Colin Liversedge is MD of York-based Visual Retailing, which supplies merchandising software to the fashion industry. He says a similar broadband scheme in North Yorkshire last year, NYnet, was a godsend for the fast-growing company.
‘We were considering relocating outside the region because other parts of the UK were ahead of us in terms of broadband access,’ says Liversedge. ‘The broadband initiative has saved us £15,000 to £20,000 and now we don’t need to move elsewhere.’
Liversedge adds that NYnet has enabled Visual Retailing’s sales team to demonstrate its products from their desks to companies in India and Brazil. ‘That was something we couldn’t do before,’ he enthuses.
For all the bullishness from Yorkshire businesses, there are problems brewing in the economy. The recession has had a particularly severe impact on the region’s manufacturing sector, with 16,000 factory jobs lost over the past 15 months. Last year, Yorkshire and the Humber grew 0.2 per cent, compared with a UK average of 0.7 per cent, while estimates for this year are for a shrinkage of 4.0 per cent versus a 3.7 per cent national average.
‘The broadband initiative has saved us £15,000 to £20,000′
Such numbers are alarming, but they’re not necessarily bad news for businesses looking to relocate or expand. Sheffield, for example, ran a campaign late last year urging companies based in the South East to move to the city, which ‘offers average salary costs 30 per cent lower than London, more Grade A office space than in any other city centre and the best incentives for business relocation anywhere in the UK’. Parker of Stroz Friedberg points out that when he moved to Leeds, serviced offices in the centre of the city were very affordable due to overdevelopment – the same goes, of course, for house prices.
Theresa Lindsay, assistant director of marketing at Yorkshire Forward, puts a positive spin on this. ‘There are two reasons why companies might move to the area – either to build market presence or because they are seeking efficiencies,’ she argues. ‘I think in the current climate many “second cities”, like Leeds, are getting the opportunity to grow because they are less expensive.’
Lindsay adds that healthcare and environmental technologies are both strong growth areas. Yorkshire and the Humber is the ‘only region’ with a fixed target for the reduction of carbon dioxide emissions, which it plans to cut by 25 per cent by 2016. The lion’s share of the UK’s wind farms are based in the region, and North Yorkshire-based power supplier Drax is investing £18 million in a biomass project.
YFM’s Garnham says the region is becoming more attractive to ‘mobile businesses’ – those with low capital spend and infrastructure requirements, which are highly flexible in their choice of location.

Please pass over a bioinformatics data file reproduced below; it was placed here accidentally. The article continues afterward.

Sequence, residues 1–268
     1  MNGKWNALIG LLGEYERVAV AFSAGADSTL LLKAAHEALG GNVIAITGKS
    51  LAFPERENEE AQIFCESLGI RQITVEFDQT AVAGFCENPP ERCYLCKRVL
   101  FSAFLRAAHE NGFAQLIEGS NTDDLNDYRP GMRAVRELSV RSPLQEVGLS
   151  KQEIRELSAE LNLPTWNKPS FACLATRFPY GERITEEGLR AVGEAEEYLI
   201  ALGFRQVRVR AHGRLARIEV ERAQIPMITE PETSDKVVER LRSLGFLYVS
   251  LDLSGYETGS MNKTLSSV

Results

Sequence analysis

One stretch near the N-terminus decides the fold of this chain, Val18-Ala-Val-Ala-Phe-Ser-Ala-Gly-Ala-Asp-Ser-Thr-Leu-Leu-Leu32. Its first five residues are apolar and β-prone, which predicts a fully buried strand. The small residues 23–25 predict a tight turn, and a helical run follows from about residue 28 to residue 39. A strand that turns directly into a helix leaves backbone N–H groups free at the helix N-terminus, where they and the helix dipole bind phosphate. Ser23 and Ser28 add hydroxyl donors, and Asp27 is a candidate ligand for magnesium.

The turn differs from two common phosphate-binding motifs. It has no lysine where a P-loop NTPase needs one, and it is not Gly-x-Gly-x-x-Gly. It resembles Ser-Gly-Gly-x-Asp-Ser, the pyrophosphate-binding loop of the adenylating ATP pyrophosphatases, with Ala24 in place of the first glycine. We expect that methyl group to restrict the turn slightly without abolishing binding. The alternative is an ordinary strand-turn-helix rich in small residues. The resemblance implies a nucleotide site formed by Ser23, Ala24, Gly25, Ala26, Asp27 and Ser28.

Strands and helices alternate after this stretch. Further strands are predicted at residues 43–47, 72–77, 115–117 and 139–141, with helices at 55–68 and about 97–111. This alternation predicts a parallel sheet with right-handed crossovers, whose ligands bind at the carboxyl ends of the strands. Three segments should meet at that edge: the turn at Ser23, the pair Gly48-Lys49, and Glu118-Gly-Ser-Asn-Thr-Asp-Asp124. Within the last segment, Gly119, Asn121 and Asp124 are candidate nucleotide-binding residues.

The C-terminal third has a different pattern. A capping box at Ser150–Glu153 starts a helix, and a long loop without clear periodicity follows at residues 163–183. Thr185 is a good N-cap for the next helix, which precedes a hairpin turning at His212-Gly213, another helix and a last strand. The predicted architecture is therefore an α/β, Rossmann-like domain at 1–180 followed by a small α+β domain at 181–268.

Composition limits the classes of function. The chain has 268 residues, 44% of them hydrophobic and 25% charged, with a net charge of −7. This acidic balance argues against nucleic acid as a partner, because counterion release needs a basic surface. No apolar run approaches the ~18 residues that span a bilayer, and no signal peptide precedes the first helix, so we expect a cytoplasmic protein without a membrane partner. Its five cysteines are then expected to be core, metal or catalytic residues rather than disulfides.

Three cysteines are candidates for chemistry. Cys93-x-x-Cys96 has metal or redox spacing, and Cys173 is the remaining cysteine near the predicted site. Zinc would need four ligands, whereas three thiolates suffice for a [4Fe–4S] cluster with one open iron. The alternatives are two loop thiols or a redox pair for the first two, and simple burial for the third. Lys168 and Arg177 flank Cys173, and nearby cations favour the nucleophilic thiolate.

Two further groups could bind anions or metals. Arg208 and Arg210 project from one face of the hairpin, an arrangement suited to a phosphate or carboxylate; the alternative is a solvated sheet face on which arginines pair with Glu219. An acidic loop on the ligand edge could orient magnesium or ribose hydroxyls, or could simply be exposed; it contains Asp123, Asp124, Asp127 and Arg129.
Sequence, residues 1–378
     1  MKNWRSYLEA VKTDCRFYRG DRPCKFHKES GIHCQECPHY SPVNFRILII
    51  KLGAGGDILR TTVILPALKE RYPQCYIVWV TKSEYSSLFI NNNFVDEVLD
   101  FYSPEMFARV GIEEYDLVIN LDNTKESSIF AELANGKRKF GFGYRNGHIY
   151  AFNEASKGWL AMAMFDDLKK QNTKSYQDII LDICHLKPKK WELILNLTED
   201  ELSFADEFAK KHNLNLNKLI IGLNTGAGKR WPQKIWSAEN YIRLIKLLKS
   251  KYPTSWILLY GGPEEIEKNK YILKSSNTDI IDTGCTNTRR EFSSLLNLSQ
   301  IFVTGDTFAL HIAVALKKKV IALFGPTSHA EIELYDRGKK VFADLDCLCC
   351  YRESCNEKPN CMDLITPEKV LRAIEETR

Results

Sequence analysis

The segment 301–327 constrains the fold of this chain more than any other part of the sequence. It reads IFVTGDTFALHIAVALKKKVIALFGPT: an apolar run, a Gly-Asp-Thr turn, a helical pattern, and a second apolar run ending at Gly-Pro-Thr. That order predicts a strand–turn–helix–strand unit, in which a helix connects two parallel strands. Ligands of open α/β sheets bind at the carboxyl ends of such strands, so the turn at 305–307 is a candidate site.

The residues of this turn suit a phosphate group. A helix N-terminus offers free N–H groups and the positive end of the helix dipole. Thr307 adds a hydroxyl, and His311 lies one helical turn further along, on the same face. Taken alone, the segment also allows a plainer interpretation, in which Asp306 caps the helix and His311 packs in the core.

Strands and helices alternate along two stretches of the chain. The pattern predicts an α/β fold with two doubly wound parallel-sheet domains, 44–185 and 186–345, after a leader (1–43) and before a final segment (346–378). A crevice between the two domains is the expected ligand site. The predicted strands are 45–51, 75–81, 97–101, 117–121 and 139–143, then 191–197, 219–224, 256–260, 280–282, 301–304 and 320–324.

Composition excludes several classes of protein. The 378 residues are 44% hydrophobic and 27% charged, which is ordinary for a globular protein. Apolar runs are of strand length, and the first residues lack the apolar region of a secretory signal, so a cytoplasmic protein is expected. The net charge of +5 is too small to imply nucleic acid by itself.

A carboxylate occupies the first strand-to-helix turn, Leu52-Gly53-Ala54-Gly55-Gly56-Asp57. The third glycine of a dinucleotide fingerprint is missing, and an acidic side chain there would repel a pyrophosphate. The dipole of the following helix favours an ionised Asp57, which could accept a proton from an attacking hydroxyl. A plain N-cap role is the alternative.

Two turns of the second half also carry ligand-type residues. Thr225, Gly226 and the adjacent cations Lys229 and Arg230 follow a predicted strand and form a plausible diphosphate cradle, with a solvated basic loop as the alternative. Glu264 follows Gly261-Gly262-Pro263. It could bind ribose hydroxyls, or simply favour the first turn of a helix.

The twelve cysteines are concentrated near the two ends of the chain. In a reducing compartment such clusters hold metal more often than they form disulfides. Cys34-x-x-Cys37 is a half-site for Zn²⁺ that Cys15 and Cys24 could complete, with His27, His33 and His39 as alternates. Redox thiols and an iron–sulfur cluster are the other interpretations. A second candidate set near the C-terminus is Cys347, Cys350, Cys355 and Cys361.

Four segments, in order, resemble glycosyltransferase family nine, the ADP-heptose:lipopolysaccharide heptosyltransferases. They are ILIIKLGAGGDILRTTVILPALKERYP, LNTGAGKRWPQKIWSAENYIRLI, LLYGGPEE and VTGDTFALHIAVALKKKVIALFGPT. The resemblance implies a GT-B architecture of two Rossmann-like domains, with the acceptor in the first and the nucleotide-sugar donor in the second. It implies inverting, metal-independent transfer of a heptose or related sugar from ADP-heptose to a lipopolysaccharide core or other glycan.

‘Mobile businesses are essentially driven by good people, and good people tend to have a choice about where to live,’ he explains. ‘That means quality of life is the biggest driver for inward investment – in other words, it’s about where the CEO fancies living as much as anything else.’
According to Garnham, there’s a new focus on quality of life in the region, tying in with a drive to attract more tourists. Having a base in the South is not a prerequisite for doing business internationally, he claims: ‘We’ve invested in a number of technology companies whose first step is to the US.’
From steel to silicon
One such ambitious technology company (though not a YFM investment) is OCF, whose turnover has doubled to £11.1 million over the past two years. The Sheffield-based business specialises in building supercomputers for universities and other clients needing vast computing power to conduct research or design work.
‘Sheffield was devastated by the decline of the coal and steel industries,’ says MD Julian Fielden. ‘Consequently, it received a lot of European funding which has really refreshed the area. But the one thing [heavy industry] did leave behind was a ready-made platform in terms of power supplies for data centres.’
Fielden is now contemplating extending his business by offering to provide supercomputer-level services over the internet via so-called cloud computing.
It would allow OCF to sell its services to companies that lack the space and facilities to run energy-hungry supercomputers by themselves.
With its investment in broadband and the heavy-duty power lines left over from its industrial past, Yorkshire is an ideal location for such an enterprise. London, by contrast, lacks space for new buildings, and installing suitable power supplies and cooling facilities is problematic. ‘Have I ever thought about relocating to another region? No – and that’s not due to laziness,’ Fielden remarks. ‘There’s a heck of a lot going for businesses in general here and computer businesses in particular.’